10. Please share with us your social media links and book links:
My website, which has links to some of my novels and stories (the site needs some hefty updating): http://fredtkerns.weebly.com/
My blog, which has links to most of my work, plus a few character profiles: http://fredtkerns.blogspot.com/
My Twitter page: https://twitter.com/fredtk

Direct links to my books:

Load: 

Downtime:


Fifteen Minutes:

Chaser: 


Game Over:









11. Anything to add?
I've also been making a pair of video series in which I discuss writing. One uses Mass Effect 2 as a springboard for talking about good writing, among other topics. It used to have a longer title, but I shortened it recently. It's now titled, Mass Effect 2 Writing Discussion. The first video is here: https://youtu.be/Tu0NPe60Mpw

The other series is titled, How not to Tell a Story, and uses Mass Effect 3 as a springboard for discussing things to avoid when writing and how to fix bad writing. I'm currently editing the latest video in the series, and hope to get it uploaded sometime in the next few days. The first video is here: https://youtu.be/0EBy4rHvXsU

Finally, thanks for reviewing my work and giving me the opportunity to answer some questions and talk about my books. I had a blast, and I hope you and your readers enjoy the interview and check out my other work.







G.I. JOE: REACTIVATED (Kindle Worlds Novella) (GI Joe: Omega Section Book 1)G.I. JOE: REACTIVATED (Kindle Worlds Novella) by Fred T. Kerns
My rating: 5 of 5 stars

When I received this book from Fred Kerns, I was anxious to review it because of the fact it mentioned the G.I. Joes. Let’s face it, the title alone should get everyone’s attention. Most of us who grew up in the 80’s loved watching the G.I. Joes as cartoons, and some of us even had the action figures. They were just as big as Barbie was. So, as respect to the eighties, and the real G.I. Joes, and the Military itself, I couldn’t help but give respect to Fred and this book: “G.I. Joe Reactivate.”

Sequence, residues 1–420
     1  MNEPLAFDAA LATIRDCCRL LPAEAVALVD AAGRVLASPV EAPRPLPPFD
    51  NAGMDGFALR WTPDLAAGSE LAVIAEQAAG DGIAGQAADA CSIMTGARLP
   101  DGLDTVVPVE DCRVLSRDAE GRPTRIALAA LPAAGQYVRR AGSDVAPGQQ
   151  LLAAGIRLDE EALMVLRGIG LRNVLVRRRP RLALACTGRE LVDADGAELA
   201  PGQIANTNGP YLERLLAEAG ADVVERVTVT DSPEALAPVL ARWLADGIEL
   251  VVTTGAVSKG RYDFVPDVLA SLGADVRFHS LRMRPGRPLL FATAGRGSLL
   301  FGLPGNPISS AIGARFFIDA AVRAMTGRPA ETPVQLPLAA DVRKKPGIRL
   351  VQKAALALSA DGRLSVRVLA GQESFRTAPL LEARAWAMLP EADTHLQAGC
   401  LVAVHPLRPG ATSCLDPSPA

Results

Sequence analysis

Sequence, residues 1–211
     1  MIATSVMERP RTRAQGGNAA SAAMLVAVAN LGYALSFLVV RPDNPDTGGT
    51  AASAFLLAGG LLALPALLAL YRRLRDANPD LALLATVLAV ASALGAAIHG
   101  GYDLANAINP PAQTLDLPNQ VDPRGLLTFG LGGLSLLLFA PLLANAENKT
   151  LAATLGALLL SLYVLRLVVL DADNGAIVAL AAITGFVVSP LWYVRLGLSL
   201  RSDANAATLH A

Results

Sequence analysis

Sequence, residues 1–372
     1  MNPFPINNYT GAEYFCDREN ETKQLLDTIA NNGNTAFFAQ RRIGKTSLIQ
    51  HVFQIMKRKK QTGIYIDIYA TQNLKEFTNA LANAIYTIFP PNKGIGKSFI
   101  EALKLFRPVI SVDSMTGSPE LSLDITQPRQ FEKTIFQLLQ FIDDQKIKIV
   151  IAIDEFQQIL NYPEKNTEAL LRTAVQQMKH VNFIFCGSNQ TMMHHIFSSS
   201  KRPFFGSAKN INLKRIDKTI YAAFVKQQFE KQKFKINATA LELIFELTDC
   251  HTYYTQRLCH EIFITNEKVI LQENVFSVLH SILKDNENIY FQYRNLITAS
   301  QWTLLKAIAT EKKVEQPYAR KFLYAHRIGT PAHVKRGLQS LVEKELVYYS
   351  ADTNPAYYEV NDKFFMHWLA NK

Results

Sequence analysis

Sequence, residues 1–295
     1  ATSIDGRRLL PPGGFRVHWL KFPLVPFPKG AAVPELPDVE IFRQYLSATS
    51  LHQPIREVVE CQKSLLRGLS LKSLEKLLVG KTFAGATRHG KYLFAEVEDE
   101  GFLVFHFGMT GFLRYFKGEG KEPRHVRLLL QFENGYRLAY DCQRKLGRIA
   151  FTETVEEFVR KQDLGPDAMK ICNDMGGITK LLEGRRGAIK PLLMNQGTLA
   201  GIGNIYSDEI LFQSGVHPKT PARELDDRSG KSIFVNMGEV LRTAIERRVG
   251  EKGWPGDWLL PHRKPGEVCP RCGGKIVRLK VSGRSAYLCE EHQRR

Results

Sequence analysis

The cover was not what I had expected, I in fact immediately thought, ‘Wait, this just might be a more futuristic endeavor.” Just from the take on the cover. But that was just a guess, I was not sure was I was in store for.

Reading this, I was disappointed to find that the G.I. Joes has disband, and were now being hunted. I was astounded. I was picturing Arnold Schwarzenegger and Sylvester Stallone, and I just don’t see them giving up. But maybe this is much farther into the future, and those hunks are no longer alive.

Then again, further into the book, you learn that ‘living legends’ join forces with the new G.I. Joe unit to rebuild and transform it into a new unit, calling it the ‘Omega Section.’ This is where the legends, like Sly and Arnie do come into play, and make something into nothing, and make it even better then it was before.

Cobra, is rising again, determined to see to it to ruin the Omega section, and take them down. Cobra doesn’t want anything like the Joes or the Omega’s to be here, to better anything or anyone. Cobra just wants to do what it always has, ruined everything and caused death and destruction.

Cobra is a group of terrorists determined to take down, Omega and anyone else that plans to get in their way. The only thing Cobra didn’t plan for, is that Omega is now stronger, and wiser, and intends on keeping Cobra at bay, if not causing them to cease to exist if at all possible.

Omega plans to give Cobra the battle of their life. But Cobra doesn’t plan on going down with ease, and if at possible, they plan to take down whatever else gets in their way too.

This book is a small novella meant to keep you entertained, and wanting to remember everything about the eighties and the G.I. Joes. After all, they matter, as does all of the Military.

This book is an excellent five star read, short and sweet, but right on point. I enjoyed the story line, and spot on it was, reminiscing and making the Joes into something new, and battling with the continuing group of Cobra terrorists. I give “G.I. Joe Reactivated” five stars, and think Fred Kerns is a author work checking out, if you haven’t already.

View all my reviews